Twitter has expressed concern over freedom of expression in India, days after police visited its offices.
The police served notice to the social media giant after it labelled a ruling party tweet “manipulated media”.
Twitter had applied the label to a post by Bharatiya Janata Party (BJP) spokesperson Sambit Patra.
The government has said Twitter must obey the law. Tensions between the government and media firms have risen over new rules for digital content.
Leaders of the BJP had shared screenshots of a document on Twitter recently that they said had been created by the main opposition Congress party to highlight government failures over the handling of the pandemic.
Congress complained to Twitter that the documents were fake, leading Twitter to mark some of the posts – including one by Mr Patra – as “manipulated media”.
Under Twitter rules, it applies such tags to posts that include “media (videos, audio, and images) that have been deceptively altered or fabricated”.
“Right now, we are concerned by recent events regarding our employees in India and the potential threat to freedom of expression for the people we serve,” a Twitter spokesperson told the BBC.
“We, alongside many in civil society in India and around the world, have concerns with regards to the use of intimidation tactics by the police in response to enforcement of our global terms of service, as well as with core elements of the new IT rules.”
Delhi police say their visit to Twitter’s offices on Monday was to serve a notice to the company’s managing director after receiving a complaint about how Mr Patra’s tweet had been classified.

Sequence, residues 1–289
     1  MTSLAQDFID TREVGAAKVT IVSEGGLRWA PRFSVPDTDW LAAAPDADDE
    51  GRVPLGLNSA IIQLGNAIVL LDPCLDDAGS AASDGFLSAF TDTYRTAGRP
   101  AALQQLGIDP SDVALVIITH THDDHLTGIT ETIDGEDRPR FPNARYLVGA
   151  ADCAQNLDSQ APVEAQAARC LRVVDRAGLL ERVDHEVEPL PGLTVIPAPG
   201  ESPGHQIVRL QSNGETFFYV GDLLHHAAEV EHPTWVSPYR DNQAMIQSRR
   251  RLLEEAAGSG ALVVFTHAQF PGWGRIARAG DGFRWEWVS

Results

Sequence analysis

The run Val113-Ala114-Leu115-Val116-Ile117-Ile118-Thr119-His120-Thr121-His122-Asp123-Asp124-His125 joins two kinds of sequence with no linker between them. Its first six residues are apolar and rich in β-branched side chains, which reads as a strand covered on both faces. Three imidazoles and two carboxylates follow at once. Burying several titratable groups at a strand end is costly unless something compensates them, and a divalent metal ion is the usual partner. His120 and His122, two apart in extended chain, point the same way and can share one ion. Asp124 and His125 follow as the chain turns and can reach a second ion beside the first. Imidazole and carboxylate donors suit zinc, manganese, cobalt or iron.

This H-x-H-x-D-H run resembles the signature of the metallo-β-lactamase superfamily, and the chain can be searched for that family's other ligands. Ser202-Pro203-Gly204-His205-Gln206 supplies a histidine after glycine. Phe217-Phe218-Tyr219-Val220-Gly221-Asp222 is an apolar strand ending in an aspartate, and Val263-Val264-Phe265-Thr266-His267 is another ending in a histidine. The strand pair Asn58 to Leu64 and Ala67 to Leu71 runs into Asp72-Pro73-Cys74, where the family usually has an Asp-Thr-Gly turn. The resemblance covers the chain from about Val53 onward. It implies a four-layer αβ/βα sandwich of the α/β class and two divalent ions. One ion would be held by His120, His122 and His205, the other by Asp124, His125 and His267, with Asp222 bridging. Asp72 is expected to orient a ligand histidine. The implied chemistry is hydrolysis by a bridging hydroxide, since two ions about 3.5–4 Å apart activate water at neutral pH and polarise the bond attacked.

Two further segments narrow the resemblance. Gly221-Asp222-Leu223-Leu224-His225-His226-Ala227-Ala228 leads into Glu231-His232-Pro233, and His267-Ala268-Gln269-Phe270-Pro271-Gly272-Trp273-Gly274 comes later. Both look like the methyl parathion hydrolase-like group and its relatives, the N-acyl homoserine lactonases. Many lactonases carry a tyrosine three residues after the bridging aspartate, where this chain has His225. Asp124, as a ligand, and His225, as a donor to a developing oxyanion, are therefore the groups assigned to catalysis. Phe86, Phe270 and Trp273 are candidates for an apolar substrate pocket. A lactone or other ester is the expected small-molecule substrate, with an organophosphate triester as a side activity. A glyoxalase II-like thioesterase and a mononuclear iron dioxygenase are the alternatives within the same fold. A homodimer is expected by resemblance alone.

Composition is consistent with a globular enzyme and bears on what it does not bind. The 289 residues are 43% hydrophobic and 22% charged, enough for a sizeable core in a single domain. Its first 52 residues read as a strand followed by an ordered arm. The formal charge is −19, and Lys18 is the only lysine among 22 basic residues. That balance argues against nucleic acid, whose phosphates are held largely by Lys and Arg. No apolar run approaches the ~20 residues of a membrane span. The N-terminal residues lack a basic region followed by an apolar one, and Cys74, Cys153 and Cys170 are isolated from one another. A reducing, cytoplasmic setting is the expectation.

Later on Thursday, the government accused Twitter of “attempting to dictate its terms to the world’s largest democracy” and seeking to undermine the country’s legal system.
“Twitter needs to stop beating about the bush and comply with the laws of the land,” the statement said.
In February, the government introduced new guidelines to regulate digital content on social media and streaming platforms.
Under the new rules, social media platforms with more than five million users would be required to appoint a compliance officer, a nodal contact officer and a resident grievance officer.
In addition, they would have to track the originator of a particular message if asked by a court or the government.
Platforms like Twitter, Facebook and Whatsapp were given three months to comply with these rules.
On Wednesday, WhatsApp sued the Indian government, saying the rules would force the messaging service to violate privacy protections.
Twitter said it was “particularly concerned about the requirement to make an individual (the compliance officer) criminally liable for content on the platform, the requirements for proactive monitoring, and the blanket authority to seek information about our customers”.
This, the company said, represented “dangerous overreach that is inconsistent with open, democratic principles”.
Twitter urged the government to “consider a minimum of three months extension in order for Twitter to implement the rules”.
“We will continue our constructive dialogue with the Indian government and believe it is critical to adopt a collaborative approach. It is the collective responsibility of elected officials, industry, and civil society to safeguard the interests of the public,” the spokesperson said.
In April, Twitter complied with an order to remove tweets critical of the government’s handling of the virus.
Earlier this year, it unblocked a number of accounts following a request from authorities. The accounts were linked to protests against farm reforms. If Twitter had not complied, it could have meant jail time for Twitter’s employees in India.